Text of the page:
May 24, 2023
For people like Lisa French, enriching the lives of elderly people is a passion. Funding from grants makes this work possible.
For Lisa French, working with aging community members “feels like a mission or a calling.” We recently spoke with her about some of the programs made possible through grants from the AAACF that are enriching the lives of older people in Washtenaw County.
Lisa works at the United Methodist Retirement Communities (UMRC)-Porter Hills Foundation, the fundraising arm for nonprofit Brio Living Services, formerly UMRC & Porter Hills, based in Chelsea. Brio is also the organization that operates Huron Valley PACE (Program of All-Inclusive Care for the Elderly), located in Ypsilanti.
In her role leading grant writing and communications, Lisa gets to witness and coordinate how different entities in Washtenaw County, including the Ann Arbor Area Community Foundation (AAACF), partner to make valuable services available to a segment of the population who are frequently overlooked. She also sees firsthand the impact these services have.
“I value the experiences and life stories of older people,” she explained. However, she noted, approximately only 3% or less of all funding nationally goes to their care.
“[Donors] look at funding for children as an investment, but funding for older adults is looked at as an expense," Lisa continued. “That doesn’t feel right to me. I believe it is our responsibility to care for older adults. We all want to live our best lives, and I love the opportunity I have in my role to help make this happen for older adults in our communities.”
Fresh food and enrichment at PACE
Huron Valley PACE is a day program that provides services from medical care to nourishing meals and socialization for low-income, nursing home-eligible local residents, ages 55 and up, while allowing them to remain living independently in their homes and communities.
In a recent program, Huron Valley PACE worked with Zilke Vegetable Farm in Milan to provide participants and team members with fresh, locally grown produce and baked goods at no cost to them, through an onsite “farmer’s market.” This program also included “Dinner on Us” cooking demonstrations to encourage healthy eating at home while reducing grocery spending.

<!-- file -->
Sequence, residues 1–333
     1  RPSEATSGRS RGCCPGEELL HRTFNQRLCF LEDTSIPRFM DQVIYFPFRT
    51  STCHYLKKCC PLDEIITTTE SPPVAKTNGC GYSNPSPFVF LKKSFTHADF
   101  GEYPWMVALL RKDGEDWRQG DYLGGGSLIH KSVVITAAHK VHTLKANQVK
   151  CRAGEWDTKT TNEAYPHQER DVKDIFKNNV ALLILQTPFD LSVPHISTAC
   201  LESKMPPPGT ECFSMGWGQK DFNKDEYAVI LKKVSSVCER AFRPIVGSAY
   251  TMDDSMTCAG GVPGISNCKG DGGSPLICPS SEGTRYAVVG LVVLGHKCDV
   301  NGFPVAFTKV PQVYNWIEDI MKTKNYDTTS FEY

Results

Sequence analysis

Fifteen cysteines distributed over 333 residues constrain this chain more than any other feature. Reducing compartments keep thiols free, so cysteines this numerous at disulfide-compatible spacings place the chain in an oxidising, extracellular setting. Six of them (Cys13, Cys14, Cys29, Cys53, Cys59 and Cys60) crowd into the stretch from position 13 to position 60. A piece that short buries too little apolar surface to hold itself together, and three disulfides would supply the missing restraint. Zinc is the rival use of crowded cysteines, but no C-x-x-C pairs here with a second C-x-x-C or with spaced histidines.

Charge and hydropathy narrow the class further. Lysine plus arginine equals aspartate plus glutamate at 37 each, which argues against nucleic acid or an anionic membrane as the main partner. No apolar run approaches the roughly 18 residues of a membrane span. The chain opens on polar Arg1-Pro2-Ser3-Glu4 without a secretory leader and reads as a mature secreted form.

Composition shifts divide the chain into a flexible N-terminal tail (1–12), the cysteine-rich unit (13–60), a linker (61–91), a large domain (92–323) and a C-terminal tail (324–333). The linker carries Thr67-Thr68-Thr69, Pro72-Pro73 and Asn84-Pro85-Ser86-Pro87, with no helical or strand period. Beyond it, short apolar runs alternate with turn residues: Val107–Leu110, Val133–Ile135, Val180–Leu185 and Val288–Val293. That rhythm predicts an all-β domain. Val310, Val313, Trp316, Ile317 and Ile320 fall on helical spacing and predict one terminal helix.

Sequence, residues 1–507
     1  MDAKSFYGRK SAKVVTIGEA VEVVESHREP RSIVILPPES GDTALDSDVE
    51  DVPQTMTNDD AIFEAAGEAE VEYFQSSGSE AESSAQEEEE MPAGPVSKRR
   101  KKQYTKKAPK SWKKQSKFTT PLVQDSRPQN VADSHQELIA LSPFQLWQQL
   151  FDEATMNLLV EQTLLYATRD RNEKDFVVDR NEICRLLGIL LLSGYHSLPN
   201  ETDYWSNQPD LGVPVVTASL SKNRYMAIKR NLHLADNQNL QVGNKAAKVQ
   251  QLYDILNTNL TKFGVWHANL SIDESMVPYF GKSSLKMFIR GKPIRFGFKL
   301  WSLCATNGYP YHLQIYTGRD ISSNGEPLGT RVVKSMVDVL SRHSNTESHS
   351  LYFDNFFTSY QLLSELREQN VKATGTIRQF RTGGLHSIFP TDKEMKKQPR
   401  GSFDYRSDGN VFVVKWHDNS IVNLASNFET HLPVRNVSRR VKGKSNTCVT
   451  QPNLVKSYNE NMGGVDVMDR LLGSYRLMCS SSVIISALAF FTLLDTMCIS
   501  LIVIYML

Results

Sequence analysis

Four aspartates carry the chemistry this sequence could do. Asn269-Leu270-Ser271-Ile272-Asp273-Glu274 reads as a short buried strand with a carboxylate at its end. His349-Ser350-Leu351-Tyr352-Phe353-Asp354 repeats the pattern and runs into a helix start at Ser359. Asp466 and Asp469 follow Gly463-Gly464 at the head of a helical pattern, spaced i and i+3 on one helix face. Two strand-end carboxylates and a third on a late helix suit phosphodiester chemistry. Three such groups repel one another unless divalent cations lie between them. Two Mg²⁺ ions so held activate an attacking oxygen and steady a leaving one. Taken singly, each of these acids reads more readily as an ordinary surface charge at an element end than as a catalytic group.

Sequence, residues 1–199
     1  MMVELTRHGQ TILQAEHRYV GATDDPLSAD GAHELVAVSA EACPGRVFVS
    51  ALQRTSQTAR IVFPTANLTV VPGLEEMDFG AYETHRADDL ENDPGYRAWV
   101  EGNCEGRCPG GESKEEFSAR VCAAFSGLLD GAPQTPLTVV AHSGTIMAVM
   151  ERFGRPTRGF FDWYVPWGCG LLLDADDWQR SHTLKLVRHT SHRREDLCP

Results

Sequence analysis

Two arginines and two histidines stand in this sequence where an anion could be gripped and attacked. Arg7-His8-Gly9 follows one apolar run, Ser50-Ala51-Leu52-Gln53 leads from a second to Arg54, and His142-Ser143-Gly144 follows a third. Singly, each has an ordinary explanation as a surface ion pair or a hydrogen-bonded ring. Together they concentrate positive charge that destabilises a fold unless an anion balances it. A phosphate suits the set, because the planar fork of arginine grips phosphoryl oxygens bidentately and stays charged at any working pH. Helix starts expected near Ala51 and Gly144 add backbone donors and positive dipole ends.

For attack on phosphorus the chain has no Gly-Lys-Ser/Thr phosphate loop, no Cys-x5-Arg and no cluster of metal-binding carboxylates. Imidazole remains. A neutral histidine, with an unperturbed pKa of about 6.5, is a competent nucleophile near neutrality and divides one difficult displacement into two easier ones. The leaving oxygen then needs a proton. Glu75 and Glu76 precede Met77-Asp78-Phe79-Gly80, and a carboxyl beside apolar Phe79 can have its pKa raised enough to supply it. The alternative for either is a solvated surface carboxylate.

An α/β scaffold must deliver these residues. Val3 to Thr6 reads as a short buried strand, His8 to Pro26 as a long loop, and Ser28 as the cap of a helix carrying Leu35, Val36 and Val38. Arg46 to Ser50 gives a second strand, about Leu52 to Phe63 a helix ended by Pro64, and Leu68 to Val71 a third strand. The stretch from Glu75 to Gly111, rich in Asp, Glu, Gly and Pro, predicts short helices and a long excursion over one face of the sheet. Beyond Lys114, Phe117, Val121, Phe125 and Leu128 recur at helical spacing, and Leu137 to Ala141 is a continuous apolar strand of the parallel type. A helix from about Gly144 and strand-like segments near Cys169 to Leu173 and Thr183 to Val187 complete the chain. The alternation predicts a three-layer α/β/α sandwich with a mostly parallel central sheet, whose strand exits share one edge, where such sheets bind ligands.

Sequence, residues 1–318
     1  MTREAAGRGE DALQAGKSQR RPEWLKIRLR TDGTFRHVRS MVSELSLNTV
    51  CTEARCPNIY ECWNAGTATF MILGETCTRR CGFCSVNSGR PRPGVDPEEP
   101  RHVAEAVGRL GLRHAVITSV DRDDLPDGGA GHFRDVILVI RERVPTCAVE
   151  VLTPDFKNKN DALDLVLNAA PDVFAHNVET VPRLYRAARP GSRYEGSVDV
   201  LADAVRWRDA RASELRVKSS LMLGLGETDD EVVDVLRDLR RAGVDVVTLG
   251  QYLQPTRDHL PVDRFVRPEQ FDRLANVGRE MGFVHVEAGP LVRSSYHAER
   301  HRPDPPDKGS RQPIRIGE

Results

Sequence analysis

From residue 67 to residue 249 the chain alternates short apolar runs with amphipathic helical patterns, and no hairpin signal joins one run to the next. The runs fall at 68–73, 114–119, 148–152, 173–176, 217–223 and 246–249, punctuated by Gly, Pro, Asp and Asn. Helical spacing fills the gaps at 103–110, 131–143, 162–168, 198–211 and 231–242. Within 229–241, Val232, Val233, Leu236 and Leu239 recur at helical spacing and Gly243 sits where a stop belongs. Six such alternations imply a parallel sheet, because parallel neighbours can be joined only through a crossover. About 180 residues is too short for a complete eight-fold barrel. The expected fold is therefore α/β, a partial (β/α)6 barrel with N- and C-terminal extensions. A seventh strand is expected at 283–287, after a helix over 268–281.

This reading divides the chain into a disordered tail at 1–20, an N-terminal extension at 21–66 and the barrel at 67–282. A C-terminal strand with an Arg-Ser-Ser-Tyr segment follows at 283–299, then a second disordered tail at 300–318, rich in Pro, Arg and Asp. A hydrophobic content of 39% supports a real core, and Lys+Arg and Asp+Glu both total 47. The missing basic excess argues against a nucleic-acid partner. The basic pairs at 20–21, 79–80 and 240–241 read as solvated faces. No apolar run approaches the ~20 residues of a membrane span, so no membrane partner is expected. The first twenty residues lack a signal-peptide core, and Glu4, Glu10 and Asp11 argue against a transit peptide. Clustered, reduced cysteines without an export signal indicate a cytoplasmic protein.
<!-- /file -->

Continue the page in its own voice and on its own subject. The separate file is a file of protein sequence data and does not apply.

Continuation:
According to Lisa, it was important that the program be designed to also support the staff who care for PACE participants. “Many of our team members are front line workers,” she said, “and, especially during the pandemic, it was important that they were also able to take home nutritious food at the end of day.”
Feedback on this program was overwhelmingly positive. For Huron Valley PACE participants who might not be able to attend many activities and events in the community, one noted that it felt like “going to the farmer’s market at Depot Town”: “The farmer’s market felt like we were getting out. I had a lot of fun, and it really made my day.”
One of the team members exclaimed, “The ‘Dinner on Us’ event was wonderful! I was surprised that I could create something that tasted good, looked good, and was nutrient rich. It also was done using ingredients that I have never used before but are easily available.”
Providing training and opportunities to the community at large
Grants have also provided funding to support Brio Living Services in Washtenaw County to train with Teepa Snow who founded the Positive Approach™ to Care model of supporting people with dementia.
The Positive Approach™ emphasizes deepening understanding of changes in the brain to help caregivers and family members reduce stress and improve quality of life for their loved ones living with dementia. This training was offered through the Chelsea Retirement Community (also part of Brio) and for staff members at PACE but also has been made available at no charge to anyone interested in building a more inclusive and supportive community for people with dementia.
Another program currently in the works brings together the Chelsea Retirement Community with Washtenaw Community College and Michigan Works! Southeast to provide long-term healthcare training for people who are interested in working with aging populations. Called Foundations of C.A.R.E., or Caring for Aging Residents through Education, this 10 day “boot camp” is not a certification program; rather, it prepares students to work as residential care assistants at the Chelsea Retirement Community and other care settings.
Lisa pointed out the high turnover rate in caregiving for older adults and how Foundation of C.A.R.E. can create a pipeline of qualified applicants to fill staff vacancies, at the same time opening the door to a new career path for people seeking employment opportunities.
Funding from the AAACF covers the cost of tuition and provides a stipend for each student to go toward scrubs, books, or other necessities. The program kicks off on May 15, with 14 spots available. For more information, contact LoveYourCareer@MyBrio.org.
“We are delighted to have had the generous support and partnership of the Ann Arbor Area Community Foundation over the years to provide the best possible care for the older adults we serve and to provide enhanced training for our dedicated team members who provide that care,” said Lisa. “These grants have made such a difference, and we are grateful for the commitment of the Ann Arbor Area Community Foundation to serve the aging population.”